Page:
You’ve seen them out there—the disruptive brands that have figured out the web, nailed the tone for their audience, and are working their hardest to meet consumers when it’s most convenient for them.
They’ve nailed digital, and everyone from startups to enterprise brands has something to learn about how they’ve cracked the market. While these brands have many pieces of advice to pass along, one main theme ran through them all—treat your customers like people.
“We were able to create customer relationships, not just transactions.” – Zach Jacobs, Director of Marketing at Mack Weldon
Really, truly, absolutely understand your CPAs.
One major thing that sets these disruptive brands apart from others is a deep knowledge of how all of their channels perform together, not just separately.
Adam Lovallo, Co-Founder & Editor at Grow.co, has great advice for brands regarding the difference between measuring your cost per acquisition (CPA) both overall and by separate channel:
“Honestly, I think understanding the relationship between what you consider to be paid CPAs and blended CPAs and what the holistic impact is, is central to being able to scale.”
He cited an example where a colleague was spending hundreds of thousands of dollars through a specific social channel and assuming that a four-times return on ad spend (ROAS) wasn’t good in comparison to others in the industry,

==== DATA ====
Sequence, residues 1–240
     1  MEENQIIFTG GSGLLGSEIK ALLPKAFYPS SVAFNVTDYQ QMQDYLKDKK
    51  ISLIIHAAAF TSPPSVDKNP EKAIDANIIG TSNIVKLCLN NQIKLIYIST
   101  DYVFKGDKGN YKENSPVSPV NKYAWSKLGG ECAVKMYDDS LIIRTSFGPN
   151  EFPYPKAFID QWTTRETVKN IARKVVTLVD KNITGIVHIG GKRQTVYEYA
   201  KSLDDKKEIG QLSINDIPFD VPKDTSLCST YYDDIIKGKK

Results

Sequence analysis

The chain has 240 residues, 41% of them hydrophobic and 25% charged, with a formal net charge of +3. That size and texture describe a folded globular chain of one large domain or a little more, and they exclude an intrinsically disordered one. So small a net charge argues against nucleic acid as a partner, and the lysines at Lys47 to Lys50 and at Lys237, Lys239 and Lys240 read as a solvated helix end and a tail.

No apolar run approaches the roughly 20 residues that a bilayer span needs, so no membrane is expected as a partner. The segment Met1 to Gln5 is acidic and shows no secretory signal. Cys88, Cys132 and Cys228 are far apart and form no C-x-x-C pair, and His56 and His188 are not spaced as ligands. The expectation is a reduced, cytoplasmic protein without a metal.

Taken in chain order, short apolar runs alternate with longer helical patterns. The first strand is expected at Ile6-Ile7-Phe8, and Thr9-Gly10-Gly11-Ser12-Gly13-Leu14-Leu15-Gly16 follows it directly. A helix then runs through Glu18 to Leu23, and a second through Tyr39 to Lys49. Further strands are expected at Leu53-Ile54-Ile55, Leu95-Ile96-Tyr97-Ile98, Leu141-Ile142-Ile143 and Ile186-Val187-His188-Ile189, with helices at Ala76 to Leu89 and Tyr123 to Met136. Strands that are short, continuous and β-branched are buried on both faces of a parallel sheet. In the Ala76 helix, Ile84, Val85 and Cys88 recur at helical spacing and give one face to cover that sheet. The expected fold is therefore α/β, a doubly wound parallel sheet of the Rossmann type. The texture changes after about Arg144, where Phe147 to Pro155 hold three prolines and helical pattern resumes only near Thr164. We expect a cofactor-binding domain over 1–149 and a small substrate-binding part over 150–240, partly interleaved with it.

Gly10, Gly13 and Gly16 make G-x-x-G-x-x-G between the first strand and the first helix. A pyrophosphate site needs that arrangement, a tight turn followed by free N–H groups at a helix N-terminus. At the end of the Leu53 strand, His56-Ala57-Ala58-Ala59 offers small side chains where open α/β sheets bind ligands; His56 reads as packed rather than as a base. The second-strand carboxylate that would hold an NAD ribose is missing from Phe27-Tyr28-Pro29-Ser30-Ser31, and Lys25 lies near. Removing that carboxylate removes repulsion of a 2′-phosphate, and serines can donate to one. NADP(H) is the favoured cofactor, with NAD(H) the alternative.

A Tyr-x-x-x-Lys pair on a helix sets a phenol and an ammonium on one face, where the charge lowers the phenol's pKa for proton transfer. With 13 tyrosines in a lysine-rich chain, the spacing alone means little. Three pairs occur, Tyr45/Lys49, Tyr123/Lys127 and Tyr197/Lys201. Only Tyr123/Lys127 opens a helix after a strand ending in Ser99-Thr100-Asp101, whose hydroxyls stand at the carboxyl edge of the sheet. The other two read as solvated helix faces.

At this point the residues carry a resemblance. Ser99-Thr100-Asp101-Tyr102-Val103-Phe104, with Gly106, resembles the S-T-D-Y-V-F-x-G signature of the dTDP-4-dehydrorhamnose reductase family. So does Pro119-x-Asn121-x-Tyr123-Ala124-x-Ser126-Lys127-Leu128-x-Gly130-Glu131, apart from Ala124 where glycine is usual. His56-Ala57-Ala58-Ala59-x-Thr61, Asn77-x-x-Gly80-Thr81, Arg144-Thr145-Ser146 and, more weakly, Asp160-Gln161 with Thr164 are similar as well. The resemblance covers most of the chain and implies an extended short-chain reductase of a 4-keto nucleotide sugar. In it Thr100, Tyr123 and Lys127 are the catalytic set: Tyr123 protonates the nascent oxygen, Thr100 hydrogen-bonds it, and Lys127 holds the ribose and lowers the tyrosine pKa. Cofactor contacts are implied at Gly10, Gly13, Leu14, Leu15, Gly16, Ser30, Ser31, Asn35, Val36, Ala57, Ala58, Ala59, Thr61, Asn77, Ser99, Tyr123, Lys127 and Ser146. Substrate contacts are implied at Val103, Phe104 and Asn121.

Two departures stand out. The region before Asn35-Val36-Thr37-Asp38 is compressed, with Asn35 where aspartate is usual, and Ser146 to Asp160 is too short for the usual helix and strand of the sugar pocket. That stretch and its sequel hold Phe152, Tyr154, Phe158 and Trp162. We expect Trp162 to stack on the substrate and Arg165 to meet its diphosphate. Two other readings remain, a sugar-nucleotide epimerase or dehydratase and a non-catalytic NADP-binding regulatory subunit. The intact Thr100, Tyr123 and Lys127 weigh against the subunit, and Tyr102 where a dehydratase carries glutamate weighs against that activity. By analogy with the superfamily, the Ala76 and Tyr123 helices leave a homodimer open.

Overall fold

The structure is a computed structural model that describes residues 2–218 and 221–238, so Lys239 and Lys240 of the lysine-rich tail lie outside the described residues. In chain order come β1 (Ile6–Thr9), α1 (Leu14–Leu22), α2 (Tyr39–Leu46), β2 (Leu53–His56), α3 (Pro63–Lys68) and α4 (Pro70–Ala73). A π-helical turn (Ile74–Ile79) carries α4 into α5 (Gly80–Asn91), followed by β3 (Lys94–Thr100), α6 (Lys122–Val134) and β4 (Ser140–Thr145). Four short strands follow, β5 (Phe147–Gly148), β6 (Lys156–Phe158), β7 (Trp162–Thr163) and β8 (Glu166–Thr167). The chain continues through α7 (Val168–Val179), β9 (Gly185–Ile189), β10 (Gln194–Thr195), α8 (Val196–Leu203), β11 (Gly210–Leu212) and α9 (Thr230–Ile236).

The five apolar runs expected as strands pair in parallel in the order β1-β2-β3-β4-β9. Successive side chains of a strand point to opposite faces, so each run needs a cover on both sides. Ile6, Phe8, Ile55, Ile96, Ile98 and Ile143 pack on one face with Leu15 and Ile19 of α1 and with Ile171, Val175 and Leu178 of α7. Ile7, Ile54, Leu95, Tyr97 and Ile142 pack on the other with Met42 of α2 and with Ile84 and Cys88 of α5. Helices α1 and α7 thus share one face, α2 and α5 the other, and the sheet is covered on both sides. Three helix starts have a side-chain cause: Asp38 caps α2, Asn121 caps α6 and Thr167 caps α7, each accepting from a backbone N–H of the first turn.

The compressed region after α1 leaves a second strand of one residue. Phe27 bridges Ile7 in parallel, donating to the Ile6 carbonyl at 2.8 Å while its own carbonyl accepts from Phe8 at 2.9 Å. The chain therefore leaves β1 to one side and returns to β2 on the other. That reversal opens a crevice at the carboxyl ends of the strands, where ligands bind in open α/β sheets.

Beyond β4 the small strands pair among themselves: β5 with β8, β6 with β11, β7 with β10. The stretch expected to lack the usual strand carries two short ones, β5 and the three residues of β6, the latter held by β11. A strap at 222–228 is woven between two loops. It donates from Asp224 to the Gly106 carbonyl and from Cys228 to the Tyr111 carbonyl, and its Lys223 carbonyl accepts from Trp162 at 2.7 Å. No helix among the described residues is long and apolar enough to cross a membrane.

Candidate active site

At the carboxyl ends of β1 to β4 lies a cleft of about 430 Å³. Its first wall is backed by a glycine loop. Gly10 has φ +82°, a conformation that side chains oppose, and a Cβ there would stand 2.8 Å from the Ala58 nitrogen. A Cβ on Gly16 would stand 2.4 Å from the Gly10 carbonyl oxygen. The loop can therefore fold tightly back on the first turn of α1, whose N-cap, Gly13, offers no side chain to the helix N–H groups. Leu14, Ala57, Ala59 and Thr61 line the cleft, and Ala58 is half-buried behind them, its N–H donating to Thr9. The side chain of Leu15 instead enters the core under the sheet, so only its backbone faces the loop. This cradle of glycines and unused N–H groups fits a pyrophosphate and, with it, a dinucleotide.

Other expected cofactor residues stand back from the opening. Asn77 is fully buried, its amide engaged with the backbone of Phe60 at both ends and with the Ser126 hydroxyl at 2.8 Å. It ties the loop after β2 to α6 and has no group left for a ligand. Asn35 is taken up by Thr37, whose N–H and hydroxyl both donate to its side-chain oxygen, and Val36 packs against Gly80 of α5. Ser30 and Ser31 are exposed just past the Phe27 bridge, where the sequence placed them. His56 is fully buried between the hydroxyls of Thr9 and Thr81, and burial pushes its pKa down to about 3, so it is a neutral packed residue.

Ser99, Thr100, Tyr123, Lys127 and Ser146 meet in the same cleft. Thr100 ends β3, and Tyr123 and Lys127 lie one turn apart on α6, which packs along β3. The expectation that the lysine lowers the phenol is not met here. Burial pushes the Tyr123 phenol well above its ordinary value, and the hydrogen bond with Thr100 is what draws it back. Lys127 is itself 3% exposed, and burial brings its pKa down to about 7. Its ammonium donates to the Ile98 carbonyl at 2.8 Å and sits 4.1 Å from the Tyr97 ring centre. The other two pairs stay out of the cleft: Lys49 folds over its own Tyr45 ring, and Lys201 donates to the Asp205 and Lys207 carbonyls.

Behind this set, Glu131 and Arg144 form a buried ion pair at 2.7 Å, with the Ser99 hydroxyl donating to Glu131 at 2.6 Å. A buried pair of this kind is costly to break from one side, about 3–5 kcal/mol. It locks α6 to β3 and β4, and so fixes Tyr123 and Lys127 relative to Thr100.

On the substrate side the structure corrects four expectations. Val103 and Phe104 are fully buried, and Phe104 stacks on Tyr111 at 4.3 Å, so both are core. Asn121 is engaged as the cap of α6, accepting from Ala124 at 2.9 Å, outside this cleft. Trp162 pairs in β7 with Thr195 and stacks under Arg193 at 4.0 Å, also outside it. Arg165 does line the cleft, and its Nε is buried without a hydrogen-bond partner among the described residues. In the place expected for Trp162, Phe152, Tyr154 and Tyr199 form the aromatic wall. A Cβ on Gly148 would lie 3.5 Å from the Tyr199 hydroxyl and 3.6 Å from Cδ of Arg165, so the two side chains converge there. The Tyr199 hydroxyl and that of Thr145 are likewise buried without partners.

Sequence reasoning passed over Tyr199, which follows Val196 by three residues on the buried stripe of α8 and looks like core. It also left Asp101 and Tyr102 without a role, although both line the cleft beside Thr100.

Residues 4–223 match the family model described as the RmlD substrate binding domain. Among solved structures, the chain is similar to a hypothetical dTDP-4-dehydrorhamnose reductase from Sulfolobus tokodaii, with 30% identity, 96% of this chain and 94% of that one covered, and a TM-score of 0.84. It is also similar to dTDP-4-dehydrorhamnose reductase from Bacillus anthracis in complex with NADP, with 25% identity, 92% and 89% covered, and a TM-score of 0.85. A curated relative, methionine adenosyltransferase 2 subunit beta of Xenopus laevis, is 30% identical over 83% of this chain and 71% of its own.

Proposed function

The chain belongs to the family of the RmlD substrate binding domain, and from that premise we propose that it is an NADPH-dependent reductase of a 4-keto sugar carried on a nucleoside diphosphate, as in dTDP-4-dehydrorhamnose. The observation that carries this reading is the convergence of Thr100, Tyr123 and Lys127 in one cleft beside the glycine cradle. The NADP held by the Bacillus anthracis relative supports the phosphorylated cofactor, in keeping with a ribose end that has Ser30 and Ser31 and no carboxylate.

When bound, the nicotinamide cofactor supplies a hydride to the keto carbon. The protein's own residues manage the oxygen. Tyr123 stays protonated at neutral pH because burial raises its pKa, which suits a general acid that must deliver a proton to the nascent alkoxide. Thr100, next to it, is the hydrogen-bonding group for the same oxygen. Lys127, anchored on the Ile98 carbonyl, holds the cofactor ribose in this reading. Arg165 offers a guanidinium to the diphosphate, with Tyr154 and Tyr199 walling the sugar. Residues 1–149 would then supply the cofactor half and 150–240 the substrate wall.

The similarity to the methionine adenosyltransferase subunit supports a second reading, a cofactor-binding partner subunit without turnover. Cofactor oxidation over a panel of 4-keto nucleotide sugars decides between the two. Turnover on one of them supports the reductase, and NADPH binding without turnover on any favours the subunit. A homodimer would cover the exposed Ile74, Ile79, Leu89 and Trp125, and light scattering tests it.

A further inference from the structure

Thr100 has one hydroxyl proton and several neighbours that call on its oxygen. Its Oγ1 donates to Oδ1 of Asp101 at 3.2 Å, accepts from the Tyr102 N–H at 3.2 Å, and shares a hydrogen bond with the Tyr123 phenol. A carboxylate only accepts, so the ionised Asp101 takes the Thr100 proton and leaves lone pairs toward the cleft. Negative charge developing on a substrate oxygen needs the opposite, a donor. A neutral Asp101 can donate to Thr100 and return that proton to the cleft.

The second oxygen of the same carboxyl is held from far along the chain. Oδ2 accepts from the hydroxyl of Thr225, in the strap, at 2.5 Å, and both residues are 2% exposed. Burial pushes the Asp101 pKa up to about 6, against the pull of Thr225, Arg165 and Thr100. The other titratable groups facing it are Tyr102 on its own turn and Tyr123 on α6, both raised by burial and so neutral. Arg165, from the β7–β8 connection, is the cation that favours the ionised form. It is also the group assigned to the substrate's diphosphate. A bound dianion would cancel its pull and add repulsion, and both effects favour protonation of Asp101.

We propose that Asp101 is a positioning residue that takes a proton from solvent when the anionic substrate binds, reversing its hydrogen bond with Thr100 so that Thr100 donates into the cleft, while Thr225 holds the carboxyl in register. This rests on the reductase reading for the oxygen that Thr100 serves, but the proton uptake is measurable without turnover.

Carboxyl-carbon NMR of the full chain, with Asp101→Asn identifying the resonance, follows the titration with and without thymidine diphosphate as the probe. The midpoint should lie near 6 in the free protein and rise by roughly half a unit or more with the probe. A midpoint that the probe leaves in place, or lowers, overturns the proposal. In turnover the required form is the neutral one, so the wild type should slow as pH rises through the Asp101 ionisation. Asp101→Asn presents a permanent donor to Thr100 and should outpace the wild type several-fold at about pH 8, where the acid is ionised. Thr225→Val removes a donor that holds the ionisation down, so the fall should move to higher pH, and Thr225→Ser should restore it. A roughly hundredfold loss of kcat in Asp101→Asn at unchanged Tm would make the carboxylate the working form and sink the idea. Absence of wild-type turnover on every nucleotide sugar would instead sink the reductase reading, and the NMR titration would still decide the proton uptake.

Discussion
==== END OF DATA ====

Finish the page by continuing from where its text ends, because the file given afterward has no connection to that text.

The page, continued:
“I was like whoa, hold on, first of all that’s very good, and if you looked at it in aggregate, his blended CPA was way low. Obviously there’s a relationship between what you’re doing in all of these channels, and the people that have scaled understood that relationship.
If you hold yourself to a specific CPA, it won’t scale. It just doesn’t happen. If you can start with the overall impact, that’s when you supernova.”
Figure out the role of your content strategy early.
Understanding your CPA is the first step, but in order to really be successful, you have to tie your digital efforts to a solid content strategy.
Zach Jacobs, Director of Digital Marketing at Mack Weldon, discusses the relationship between the customer journey and content.
“I think what’s really important to figure out is your content strategy. The worst thing some new brands do is get a couple of articles or some publicity, use them to drive people to the homepage, see them make a purchase.
Then they model out that conversion rate and apply it to other paid channels thinking ‘we’re going to make a million dollars with this’.”
He gave an example where someone’s traffic is directed to an article about a brand—an article written specifically to pre-qualify them as an interested party—then maybe 15 percent of that traffic lands on your homepage, and 2.5 percent of them make a purchase.
If you’re not qualifying them first, you’ll attract a lot of useless traffic.
“My suggestion would be to think about it like this if you’re sending traffic to a homepage or product page—think about a landing page that qualifies people. Try to create a really great content strategy so when you do amp up, you’re spending smartly.”
PR isn’t always the answer.
When asked about the relationship with agencies and vendors, Shane Pittson, Head of Marketing at Quip, founded to prove that good design would have a bigger impact on oral health than quick fix gimmicks, reminded brands that the traditional path, like public relations (PR) doesn’t always hit the mark.
Early on, he described the camps of direct response advertising and brand awareness as a false dichotomy for ecommerce brands: